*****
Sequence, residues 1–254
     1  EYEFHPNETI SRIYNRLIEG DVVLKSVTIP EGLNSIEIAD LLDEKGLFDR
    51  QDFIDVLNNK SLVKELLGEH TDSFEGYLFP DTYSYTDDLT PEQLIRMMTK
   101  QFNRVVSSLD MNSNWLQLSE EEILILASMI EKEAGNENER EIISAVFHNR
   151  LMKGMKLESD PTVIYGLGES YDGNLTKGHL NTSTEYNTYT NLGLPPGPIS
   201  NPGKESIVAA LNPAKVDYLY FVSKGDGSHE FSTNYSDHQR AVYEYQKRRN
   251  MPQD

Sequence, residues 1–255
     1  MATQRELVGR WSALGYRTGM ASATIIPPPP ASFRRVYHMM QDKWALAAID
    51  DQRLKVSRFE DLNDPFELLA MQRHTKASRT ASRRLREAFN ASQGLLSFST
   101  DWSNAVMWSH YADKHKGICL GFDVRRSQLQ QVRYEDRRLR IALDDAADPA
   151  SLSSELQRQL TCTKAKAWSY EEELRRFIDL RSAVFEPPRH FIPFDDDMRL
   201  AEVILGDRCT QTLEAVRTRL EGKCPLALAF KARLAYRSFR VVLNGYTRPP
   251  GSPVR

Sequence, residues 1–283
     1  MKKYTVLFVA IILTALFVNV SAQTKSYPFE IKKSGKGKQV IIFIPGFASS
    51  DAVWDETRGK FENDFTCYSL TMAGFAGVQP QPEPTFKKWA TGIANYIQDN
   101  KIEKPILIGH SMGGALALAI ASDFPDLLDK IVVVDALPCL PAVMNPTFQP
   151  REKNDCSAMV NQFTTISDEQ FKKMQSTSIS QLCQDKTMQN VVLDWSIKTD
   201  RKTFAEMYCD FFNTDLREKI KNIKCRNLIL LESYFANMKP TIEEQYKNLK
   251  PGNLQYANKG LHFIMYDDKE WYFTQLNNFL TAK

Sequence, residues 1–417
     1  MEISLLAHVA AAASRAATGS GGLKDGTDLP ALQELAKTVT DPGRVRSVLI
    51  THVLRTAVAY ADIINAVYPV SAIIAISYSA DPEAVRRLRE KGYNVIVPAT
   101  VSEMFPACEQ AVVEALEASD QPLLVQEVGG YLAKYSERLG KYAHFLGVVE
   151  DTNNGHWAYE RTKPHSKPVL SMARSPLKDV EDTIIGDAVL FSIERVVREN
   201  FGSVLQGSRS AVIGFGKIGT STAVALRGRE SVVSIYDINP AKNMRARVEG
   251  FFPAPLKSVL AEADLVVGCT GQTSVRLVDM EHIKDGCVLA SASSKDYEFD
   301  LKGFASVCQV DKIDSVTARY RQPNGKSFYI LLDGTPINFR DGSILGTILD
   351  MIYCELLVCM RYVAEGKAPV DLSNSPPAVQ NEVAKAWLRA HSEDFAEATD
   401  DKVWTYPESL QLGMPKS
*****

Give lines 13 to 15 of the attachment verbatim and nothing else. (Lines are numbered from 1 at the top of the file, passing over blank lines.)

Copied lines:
   201  AEVILGDRCT QTLEAVRTRL EGKCPLALAF KARLAYRSFR VVLNGYTRPP
   251  GSPVR

Sequence, residues 1–283